How much research should a moderator do in preparation for a panel discussion? For some, not a lot is required because they are a seasoned moderator facilitating seasoned panelists discussing known issues and points of contention in front of a known audience.
I see it all the time: A panel that lacks visual diversity. It’s a bunch of middle-aged white men as panelists and no women or minorities. In fact, there is a new term for all-male panels. It’s a “manel” and they have gone viral via a Tumblr blog sarcastically called, Congrats! You Have an All-Male Panel.
A recent Rasmussen poll found that 46 percent of Americans want ABC News chief anchor George Stephanopoulos banned from all 2016 campaign coverage following the revelation last week that he’d failed to disclose 75,000 in personal donations to the Clinton Foundation. He has already bowed out of his scheduled appearance to moderate ABC’s February GOP debate in New Hampshire.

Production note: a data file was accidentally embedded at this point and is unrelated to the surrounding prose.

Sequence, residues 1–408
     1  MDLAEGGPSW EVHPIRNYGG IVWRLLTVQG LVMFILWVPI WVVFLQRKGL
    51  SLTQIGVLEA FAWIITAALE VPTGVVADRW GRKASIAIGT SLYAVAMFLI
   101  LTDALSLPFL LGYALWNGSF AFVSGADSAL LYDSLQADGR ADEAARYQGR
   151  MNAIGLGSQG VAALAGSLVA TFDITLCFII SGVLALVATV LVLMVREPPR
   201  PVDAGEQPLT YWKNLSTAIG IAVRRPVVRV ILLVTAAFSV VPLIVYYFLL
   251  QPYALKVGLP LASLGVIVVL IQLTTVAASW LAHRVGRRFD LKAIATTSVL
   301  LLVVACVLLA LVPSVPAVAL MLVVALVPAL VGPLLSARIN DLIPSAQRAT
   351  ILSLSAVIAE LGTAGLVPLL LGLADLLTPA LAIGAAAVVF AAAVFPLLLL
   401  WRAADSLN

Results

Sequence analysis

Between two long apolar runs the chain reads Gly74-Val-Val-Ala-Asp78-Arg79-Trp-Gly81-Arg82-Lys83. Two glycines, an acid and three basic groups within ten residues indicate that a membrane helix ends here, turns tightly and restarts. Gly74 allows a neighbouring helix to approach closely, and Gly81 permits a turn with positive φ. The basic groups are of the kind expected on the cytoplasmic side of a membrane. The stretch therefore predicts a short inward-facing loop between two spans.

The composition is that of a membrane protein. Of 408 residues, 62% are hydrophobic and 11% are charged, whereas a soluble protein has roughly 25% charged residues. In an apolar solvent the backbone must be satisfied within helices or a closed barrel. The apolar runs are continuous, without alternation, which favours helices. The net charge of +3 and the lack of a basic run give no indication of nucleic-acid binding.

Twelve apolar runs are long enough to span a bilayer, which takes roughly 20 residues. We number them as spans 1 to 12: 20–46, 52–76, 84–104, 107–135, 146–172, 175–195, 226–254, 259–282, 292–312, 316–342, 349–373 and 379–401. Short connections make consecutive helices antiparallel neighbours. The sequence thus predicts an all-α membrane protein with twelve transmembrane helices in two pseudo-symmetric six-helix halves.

I was facilitating a roundtable discussion at an un-named conference recently and watched an A/V perfect storm – a confluence of events that, individually would have been no big deal. Taken together, it was severely irritating.
Obviously, everyone has an opinion. But if you have a lot to say about the topic, then you should be a panelist and not the moderator. Moderators who have deep expertise and opinions on the topic tend to jump in to the discussion – maybe more frequently than they should – and then who facilitates the